Tech Universe: Monday 25 November

By Miraz Jordan

Photo / Thinkstock
Photo / Thinkstock

THE HEAT: The London Underground produces a lot of heat, though at the moment that heat is wasted through vents. Now the plan is to capture that heat and use it for warming local homes. Capturing and using the heat will also reduce carbon emissions. The sad thing is that this is a new idea.

EYES DOWN: There are large buildings like airports and hospitals where you need good signage to figure out which way to go. Philips want to make things easier by installing LED lights right into carpets. This idea takes advantage of our natural tendency to look down when we walk. Now power the lights with footsteps and it's a win all round.

4 HOUR TEST: In the US people may be able to go to their local pharmacy for a quick and accurate blood test, rather than visiting a specialist testing lab. Walgreen's Pharmacy is to offer automated lab tests that use a small amount of blood drawn with a finger stick rather than a needle in the arm.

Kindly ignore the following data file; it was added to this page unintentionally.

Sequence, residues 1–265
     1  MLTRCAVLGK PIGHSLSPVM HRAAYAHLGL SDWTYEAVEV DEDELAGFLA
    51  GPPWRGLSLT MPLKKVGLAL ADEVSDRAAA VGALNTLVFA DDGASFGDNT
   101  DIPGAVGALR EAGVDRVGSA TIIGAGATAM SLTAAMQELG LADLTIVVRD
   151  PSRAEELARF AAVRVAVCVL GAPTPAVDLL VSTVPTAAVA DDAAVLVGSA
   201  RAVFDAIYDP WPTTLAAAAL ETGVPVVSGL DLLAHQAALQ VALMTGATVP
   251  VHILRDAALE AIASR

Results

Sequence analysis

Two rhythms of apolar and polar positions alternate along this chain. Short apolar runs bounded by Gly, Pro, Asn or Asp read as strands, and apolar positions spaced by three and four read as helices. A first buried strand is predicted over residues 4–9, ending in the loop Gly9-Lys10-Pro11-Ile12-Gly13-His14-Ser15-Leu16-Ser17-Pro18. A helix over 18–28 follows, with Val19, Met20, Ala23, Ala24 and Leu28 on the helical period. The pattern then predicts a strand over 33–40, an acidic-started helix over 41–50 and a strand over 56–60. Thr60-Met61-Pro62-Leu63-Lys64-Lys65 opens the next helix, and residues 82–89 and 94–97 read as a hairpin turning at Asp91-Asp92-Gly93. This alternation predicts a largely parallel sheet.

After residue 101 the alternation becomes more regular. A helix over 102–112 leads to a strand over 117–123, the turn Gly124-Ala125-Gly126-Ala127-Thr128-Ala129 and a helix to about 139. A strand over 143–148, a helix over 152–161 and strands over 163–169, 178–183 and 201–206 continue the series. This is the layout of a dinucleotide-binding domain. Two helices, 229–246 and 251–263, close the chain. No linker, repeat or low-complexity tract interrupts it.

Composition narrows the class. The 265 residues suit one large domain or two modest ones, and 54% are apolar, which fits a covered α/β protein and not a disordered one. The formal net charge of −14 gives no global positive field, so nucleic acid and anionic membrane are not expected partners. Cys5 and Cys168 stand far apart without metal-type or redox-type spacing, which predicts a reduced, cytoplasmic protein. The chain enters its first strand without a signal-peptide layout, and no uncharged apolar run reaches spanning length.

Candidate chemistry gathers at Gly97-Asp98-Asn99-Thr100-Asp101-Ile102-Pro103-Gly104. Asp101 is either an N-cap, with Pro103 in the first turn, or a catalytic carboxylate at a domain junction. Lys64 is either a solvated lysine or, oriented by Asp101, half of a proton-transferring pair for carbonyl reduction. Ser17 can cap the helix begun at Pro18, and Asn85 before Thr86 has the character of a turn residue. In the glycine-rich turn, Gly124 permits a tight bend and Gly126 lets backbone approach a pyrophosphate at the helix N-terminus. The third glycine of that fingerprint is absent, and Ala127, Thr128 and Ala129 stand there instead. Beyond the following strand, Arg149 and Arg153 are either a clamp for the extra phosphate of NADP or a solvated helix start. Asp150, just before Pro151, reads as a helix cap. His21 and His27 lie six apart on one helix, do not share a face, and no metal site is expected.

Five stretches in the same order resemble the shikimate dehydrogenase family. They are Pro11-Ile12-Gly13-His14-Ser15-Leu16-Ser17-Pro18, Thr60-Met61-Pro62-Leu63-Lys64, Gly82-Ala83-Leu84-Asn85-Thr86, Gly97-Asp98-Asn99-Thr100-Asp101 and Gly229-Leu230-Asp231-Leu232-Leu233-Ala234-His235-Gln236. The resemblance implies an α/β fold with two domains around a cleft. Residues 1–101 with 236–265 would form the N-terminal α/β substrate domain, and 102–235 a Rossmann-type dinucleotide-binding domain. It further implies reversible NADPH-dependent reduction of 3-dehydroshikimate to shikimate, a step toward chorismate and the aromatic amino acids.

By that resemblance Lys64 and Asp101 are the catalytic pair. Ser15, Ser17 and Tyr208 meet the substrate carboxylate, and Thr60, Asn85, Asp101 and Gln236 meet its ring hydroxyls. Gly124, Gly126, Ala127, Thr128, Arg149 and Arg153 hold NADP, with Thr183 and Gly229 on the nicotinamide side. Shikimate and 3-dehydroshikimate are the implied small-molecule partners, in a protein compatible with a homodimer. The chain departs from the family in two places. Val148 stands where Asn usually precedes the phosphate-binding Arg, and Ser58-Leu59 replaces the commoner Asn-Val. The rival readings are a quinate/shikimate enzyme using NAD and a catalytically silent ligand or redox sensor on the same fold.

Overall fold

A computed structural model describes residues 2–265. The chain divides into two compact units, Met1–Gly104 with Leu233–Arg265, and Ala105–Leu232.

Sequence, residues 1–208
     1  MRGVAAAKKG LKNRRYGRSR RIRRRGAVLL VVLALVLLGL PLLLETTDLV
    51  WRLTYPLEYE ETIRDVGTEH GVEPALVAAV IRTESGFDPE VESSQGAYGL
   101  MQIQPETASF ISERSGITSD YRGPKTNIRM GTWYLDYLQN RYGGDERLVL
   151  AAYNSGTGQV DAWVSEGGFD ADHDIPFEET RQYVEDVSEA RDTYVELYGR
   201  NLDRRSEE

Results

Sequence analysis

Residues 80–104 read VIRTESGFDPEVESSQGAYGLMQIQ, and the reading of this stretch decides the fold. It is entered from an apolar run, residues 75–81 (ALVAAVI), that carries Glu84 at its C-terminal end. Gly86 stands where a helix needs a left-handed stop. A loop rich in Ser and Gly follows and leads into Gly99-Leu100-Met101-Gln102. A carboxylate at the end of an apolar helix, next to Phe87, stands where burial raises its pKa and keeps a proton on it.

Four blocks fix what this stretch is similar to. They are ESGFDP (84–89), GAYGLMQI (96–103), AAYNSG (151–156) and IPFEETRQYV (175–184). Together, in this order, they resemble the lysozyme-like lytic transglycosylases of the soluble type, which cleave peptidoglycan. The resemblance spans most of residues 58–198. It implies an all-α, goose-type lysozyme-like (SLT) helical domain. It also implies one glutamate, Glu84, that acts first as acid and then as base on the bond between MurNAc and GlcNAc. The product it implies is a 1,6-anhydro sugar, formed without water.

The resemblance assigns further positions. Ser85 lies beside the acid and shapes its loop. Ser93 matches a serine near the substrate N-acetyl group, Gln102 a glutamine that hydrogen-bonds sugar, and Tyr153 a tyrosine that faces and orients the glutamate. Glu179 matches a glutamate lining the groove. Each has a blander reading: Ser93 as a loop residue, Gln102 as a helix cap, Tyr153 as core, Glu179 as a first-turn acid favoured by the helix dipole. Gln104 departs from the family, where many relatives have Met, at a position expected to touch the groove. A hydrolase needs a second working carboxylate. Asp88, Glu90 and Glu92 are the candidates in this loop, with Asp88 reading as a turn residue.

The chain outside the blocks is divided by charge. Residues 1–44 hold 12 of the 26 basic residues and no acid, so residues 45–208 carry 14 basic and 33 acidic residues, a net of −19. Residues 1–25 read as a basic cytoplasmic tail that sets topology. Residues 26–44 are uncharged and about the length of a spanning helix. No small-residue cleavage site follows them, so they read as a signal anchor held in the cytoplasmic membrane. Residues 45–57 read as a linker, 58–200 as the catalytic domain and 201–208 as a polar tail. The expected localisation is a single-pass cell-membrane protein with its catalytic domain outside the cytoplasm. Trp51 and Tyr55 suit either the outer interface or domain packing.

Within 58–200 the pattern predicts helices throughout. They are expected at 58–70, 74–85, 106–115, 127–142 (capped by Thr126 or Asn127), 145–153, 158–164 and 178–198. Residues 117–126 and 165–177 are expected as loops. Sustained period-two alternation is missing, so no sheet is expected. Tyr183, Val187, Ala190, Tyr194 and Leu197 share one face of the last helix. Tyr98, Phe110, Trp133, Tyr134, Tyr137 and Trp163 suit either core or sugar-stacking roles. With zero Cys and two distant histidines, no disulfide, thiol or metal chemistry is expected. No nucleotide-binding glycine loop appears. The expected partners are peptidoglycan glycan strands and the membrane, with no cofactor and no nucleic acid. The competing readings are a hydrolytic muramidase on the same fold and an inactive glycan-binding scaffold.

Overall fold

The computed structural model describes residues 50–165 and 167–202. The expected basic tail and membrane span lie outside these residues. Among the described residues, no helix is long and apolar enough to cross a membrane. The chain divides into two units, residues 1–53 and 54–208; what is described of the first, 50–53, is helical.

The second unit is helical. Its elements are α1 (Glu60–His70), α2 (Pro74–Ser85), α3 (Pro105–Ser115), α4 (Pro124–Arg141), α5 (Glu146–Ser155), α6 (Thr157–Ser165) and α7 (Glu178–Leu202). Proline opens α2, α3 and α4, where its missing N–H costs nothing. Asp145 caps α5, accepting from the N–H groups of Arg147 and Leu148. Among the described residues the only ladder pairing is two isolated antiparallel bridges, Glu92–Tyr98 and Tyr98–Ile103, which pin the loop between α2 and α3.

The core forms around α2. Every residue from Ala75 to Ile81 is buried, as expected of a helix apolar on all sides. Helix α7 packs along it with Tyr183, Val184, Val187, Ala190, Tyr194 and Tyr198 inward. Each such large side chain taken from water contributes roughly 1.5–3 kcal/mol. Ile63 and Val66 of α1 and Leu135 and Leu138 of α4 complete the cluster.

The small capsule of blood is then run through an on-site automated testing machine where each test requires only a single drop of blood. Accurate testing can be completed within 4 hours. I guess the machine will make you answer those questions about having eaten and so on before the finger prick.

CAR ONLINE: An experimental car at Ohio State University weighs only 800 Kg, thanks to having no engine, no transmission, and no differential. Instead each wheel has a 7.5 kW electric motor connected by a cable to a central computer. A 15 kW lithium-ion battery pack keeps the vehicle running. The computer can control each wheel independently, meaning one could brake while the others accelerate, for example. In fact, because each wheel is independent it's extremely hard for a person to control the car without the computer's help. Software updates will have to be carefully timed.

SUN FOR SOME: In 2022 the FIFA World Cup will take place in Qatar where they're about to build stadiums to host the games. Designs are out for the first stadium, a 40,000 seat structure that will use passive design to keep the venue cool. The design's based on the form of a traditional fishing boat, with a curved partial roof to shade spectators from the intense desert heat. Mechanical air conditioning will also be required though. It may shade the spectators but it looks as though the playing field is open to the full glare of the day.

Miraz Jordan, knowit.co.nz

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